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New York poised to ban smoking in Central Park, Times Square

Smokers in New York will have fewer places to puff when Mayor Michael Bloomberg signs a new law banning smoking in the city's parks and on its beaches.

By Ron SchererStaff writer / February 3, 2011

The New York City Council passed a law Thursday that would ban smoking on the city's beaches and in its parks – and Times Square (pictured here on Jan. 26) would be included.

Gary Hershorn/Reuters

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New York

The air in Central Park, the green refuge at the heart of Manhattan, is going to be even fresher under a new city law that will make it harder for the city’s smokers to find a place to puff away.

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The new law, which bans smoking at city parks and beaches and was passed by the City Council on Wednesday, will make New York one of the best places in the world for nonsmokers or one of the toughest on smokers, depending on your point of view.

Ninety days after Mayor Michael Bloomberg signs the bill into law, smoking will also be illegal in such places as the pedestrian mall in Times Square and on the boardwalk and beach at Coney Island. Violators could be punished with $50 fines.

The city already bans smoking in bars and restaurants, a move that was followed by scores of other cities. And, smokers in the city pay the highest taxes in the nation – $5.85 a pack.

New York City has been a leader on smoke-free issues and a lot of other cities will follow,” says Bronson Frick, associate director of Americans for Nonsmokers’ Rights in Berkeley, Calif. “What happens in New York tends to spread around the world.”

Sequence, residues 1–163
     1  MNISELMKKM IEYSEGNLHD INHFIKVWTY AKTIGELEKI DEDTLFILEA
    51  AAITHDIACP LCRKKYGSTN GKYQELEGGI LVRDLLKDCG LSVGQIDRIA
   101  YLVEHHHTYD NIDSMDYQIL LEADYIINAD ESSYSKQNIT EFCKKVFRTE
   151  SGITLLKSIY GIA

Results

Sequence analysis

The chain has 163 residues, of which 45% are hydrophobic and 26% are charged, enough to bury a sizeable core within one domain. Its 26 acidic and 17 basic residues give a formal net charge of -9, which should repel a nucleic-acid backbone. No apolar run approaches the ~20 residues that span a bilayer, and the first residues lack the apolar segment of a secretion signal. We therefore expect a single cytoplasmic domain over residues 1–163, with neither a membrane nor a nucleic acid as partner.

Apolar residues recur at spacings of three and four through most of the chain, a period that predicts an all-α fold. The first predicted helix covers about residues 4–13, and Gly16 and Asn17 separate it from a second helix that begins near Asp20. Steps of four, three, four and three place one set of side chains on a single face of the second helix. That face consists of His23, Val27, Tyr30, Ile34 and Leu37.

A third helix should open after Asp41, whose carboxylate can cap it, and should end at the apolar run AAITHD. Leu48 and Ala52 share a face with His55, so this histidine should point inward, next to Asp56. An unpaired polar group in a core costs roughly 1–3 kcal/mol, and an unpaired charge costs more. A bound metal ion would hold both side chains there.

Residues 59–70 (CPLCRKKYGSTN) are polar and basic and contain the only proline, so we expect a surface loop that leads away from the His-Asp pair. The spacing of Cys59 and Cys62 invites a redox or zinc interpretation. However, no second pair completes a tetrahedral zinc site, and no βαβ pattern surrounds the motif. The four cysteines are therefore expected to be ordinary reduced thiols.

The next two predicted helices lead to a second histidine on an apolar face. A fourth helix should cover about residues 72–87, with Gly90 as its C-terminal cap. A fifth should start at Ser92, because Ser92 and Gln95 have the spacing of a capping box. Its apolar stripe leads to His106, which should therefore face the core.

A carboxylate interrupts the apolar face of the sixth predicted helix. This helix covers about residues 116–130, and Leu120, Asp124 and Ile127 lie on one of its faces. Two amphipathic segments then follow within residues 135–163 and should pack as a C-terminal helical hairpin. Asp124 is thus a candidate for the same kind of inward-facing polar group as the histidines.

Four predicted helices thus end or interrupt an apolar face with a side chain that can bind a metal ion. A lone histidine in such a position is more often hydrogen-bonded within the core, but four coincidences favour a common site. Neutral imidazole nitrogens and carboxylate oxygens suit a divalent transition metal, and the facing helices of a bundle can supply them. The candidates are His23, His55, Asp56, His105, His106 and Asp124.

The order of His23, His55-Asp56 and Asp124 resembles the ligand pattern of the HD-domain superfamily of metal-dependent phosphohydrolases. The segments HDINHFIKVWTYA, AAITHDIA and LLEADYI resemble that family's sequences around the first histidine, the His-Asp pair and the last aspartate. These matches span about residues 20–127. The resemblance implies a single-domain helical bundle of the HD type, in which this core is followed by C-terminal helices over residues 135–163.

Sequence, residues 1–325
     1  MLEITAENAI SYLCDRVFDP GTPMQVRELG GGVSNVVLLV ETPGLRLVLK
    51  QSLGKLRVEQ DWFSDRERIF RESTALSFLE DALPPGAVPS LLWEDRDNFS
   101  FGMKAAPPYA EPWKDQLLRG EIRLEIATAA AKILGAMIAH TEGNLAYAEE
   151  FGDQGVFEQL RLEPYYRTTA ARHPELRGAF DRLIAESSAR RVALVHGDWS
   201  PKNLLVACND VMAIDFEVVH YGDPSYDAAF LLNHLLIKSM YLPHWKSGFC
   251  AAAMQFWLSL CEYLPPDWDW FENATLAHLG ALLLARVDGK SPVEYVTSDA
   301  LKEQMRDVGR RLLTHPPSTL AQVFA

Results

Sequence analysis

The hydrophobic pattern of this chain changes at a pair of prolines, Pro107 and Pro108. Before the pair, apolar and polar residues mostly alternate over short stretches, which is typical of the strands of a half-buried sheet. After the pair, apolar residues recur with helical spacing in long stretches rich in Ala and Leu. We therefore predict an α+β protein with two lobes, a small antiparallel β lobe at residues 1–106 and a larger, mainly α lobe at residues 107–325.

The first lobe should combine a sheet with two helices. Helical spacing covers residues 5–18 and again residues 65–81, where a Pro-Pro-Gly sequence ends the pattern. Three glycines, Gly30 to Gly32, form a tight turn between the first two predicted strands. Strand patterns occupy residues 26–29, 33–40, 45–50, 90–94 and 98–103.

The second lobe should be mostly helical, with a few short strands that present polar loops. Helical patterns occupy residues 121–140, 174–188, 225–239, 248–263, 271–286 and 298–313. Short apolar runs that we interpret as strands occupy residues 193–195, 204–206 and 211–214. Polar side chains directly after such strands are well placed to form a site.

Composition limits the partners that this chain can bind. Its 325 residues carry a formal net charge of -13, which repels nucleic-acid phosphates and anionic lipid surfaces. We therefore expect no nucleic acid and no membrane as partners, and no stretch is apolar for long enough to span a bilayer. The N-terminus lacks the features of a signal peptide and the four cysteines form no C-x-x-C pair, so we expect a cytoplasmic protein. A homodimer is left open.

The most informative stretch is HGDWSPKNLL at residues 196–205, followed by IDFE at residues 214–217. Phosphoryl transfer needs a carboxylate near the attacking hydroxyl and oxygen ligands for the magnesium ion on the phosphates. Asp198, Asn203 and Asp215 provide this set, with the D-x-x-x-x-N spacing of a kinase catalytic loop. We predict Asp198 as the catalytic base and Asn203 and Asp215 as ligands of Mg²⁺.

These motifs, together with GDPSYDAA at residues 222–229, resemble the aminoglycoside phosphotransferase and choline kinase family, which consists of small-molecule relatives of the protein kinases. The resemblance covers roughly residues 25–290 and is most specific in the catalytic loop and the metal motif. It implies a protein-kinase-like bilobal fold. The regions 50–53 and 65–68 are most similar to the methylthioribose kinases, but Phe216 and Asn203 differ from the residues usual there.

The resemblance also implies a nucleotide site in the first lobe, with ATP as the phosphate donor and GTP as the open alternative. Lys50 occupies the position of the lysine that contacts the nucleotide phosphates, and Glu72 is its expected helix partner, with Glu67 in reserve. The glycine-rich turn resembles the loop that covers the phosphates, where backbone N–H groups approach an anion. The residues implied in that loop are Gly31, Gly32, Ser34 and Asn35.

The California Legislature passed a bill early in 2010 banning smoking at state parks and beaches, but it was vetoed last May by Gov. Arnold Schwarzenegger.

According to Mr. Frick’s organization, a national advocacy group, there are already 478 towns and cities, plus the entire Commonwealth of Puerto Rico, that ban smoking in their parks. Smoking on beaches is also banned in Puerto Rico, Maine’s state parks, and in 102 municipalities, though many are small towns. New York will be the largest city to ban both.

“It is in line with making more livable communities and helping insure that these green spaces dedicated to active living be smoke free,” says Frick. The rationale for making the beaches smoke-free, he says, is to prevent pollution.

“There is a lot of research that the cigarette butts are highly toxic to aquatic creatures,” he says. “It is not just all about second-hand smoke.”

Tough laws' impact

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